Characterization of [18F]flutemetamol binding properties : A β-amyloid PET imaging ligand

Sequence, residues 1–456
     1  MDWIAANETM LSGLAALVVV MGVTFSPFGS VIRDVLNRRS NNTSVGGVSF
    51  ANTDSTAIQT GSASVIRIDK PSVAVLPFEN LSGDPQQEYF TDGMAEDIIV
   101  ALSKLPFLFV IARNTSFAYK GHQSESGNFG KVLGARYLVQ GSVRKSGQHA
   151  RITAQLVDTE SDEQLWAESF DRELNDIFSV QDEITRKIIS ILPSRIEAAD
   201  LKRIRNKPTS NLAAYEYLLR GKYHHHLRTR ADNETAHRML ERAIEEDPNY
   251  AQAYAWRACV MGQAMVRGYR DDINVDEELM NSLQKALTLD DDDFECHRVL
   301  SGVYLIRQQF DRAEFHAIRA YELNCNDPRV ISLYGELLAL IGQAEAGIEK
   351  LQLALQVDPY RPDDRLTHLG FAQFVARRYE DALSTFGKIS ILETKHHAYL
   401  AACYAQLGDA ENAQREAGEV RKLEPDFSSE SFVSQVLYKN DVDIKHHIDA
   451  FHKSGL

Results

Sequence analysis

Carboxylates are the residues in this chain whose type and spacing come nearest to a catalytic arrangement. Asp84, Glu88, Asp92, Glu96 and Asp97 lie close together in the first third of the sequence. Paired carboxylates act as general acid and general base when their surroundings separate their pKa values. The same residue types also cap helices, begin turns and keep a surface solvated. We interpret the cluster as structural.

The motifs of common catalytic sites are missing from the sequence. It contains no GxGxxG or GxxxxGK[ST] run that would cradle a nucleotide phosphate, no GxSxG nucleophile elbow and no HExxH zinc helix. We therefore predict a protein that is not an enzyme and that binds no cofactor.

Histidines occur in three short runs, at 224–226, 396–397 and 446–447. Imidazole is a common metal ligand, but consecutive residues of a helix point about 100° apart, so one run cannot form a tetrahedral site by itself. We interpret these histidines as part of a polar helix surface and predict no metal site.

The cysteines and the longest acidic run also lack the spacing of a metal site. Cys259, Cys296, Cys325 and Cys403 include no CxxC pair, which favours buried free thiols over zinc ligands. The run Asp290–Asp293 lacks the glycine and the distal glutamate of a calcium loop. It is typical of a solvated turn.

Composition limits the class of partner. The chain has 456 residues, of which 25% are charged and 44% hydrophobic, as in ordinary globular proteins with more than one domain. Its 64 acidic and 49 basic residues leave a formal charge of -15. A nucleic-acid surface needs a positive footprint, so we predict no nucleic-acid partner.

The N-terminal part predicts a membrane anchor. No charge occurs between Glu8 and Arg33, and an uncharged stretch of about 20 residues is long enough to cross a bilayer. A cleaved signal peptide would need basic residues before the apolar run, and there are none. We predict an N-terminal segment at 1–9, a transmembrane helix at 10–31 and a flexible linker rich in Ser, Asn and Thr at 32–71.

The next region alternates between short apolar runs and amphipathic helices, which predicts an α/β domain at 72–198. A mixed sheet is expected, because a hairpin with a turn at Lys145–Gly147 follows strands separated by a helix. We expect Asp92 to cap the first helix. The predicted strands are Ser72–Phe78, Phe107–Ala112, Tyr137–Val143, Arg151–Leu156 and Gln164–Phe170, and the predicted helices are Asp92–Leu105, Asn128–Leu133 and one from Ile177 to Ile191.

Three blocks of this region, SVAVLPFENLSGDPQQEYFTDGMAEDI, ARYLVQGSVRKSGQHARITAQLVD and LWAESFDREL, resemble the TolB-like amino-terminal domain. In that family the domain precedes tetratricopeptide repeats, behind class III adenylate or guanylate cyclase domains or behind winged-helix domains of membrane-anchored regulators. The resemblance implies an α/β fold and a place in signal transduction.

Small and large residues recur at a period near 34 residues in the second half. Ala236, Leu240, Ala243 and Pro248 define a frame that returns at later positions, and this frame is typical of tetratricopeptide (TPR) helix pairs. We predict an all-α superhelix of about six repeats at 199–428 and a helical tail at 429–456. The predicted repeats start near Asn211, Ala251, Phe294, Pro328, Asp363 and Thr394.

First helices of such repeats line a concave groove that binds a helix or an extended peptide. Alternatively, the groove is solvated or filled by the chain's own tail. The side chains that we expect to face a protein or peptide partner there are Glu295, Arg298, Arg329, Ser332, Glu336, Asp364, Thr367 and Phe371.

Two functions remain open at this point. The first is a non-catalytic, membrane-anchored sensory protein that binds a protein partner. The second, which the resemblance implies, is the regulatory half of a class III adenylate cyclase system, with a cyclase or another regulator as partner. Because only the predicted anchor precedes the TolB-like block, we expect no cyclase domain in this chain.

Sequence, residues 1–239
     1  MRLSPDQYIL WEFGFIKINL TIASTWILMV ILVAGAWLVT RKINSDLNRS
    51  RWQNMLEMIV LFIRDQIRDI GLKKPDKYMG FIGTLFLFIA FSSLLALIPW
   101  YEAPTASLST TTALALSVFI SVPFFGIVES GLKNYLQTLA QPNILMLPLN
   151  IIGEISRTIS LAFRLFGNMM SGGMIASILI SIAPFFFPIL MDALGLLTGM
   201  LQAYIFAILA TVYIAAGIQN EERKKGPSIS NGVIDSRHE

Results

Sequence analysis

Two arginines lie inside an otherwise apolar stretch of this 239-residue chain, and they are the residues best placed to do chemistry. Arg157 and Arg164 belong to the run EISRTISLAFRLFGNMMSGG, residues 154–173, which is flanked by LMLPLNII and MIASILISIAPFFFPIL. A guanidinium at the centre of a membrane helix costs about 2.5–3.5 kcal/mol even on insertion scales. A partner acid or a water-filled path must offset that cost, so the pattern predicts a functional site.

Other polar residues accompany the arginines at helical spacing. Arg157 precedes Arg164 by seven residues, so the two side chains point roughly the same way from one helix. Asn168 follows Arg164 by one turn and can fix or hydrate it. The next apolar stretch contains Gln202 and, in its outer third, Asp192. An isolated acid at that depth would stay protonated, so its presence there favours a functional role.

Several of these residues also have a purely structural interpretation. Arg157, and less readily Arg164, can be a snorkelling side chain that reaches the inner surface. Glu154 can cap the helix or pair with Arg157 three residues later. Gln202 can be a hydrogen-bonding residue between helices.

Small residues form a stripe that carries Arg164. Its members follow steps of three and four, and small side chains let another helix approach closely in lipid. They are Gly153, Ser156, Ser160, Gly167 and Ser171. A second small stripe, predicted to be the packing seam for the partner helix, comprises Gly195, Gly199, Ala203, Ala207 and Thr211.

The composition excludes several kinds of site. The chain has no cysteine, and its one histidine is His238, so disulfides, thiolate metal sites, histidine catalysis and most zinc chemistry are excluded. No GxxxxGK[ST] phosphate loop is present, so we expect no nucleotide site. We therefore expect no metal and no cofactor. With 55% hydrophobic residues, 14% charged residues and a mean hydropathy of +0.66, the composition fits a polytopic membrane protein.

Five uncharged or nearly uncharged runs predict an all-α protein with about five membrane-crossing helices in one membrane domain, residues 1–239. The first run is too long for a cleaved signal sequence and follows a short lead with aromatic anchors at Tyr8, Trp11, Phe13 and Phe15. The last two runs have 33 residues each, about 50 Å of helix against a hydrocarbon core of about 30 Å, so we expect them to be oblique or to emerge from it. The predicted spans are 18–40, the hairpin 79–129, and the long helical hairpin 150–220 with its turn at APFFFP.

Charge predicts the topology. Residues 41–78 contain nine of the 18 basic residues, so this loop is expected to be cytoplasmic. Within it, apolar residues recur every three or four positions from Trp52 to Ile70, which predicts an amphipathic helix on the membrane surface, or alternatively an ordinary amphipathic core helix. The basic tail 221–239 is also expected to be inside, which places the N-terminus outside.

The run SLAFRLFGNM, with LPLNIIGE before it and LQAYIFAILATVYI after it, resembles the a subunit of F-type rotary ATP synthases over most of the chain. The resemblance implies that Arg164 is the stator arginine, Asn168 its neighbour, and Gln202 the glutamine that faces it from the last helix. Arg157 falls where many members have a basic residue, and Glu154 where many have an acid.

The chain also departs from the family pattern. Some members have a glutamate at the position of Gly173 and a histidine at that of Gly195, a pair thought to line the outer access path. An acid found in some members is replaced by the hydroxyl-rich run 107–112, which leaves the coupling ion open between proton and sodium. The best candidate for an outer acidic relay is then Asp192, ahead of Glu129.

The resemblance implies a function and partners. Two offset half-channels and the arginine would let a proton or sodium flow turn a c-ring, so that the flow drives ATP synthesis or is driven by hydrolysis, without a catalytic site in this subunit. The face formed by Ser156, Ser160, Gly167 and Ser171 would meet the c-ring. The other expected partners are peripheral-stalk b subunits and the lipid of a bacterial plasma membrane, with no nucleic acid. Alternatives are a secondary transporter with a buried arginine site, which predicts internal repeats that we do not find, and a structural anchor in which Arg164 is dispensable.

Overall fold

Sammanfattning: The criteria for diagnosing Alzheimer’s disease (AD) have recently been revised to include the use of biomarkers for the in vivo presence of β-amyloid, one of the neuropathological hallmarks of AD. Examples of such biomarkers are positron emission tomography (PET) β-amyloid specific ligands, including [18F]flutemetamol. The aim of this thesis was to characterize the binding properties of [18F]flutemetamol from a tracer kinetic perspective as well as by validating binding measures through comparison with tissue pathology assessments. The applicability of previously developed kinetic models of tracer binding for voxel-based analysis was examined and compared to arterial input compartment modelling, the “gold standard” for PET quantification. Several voxel-based methods were found to exhibit high correlations with compartment modelling, including the semi-quantitative standardized uptake value ratio (SUVR). The kinetic components of [18F]flutemetamol uptake were also investigated without model assumptions using the data driven method spectral analysis, with binding to β-amyloid shown to relate to a slow kinetic component. The same component was also found to predominate in the uptake of white matter, known to be free of β-amyloid accumulation. White matter uptake was however possible to separate from β-amyloid binding based on the relative contribution of the slow component to the total volume of distribution. Uptake of [18F]flutemetamol as quantified using SUVR or assessed visually was found to correlate well with tissue pathology assessments. Classifying the brains of 68 deceased subjects who had undergone [18F]flutemetamol PET scanning ante mortem, based on the spatial distribution of β-amyloid according to pre-defined phases, revealed that abnormal uptake patterns of [18F]flutemetamol were only certain to be found in the last phase of β-amyloid accumulation. In the same cohort however, [18F]flutemetamol was also shown to accurately distinguish between subjects with AD and non-AD dementia. While this supports the use of [18F]flutemetamol in clinical settings for ruling out AD, the association of abnormal [18F]flutemetamol uptake to late phases of β-amyloid accumulation may limit the detection of early accumulation and pre-clinical stages of AD. It remains to be investigated whether application of voxel-based methods and slow component filtering may increase sensitivity, particularly in the context of clinical trials.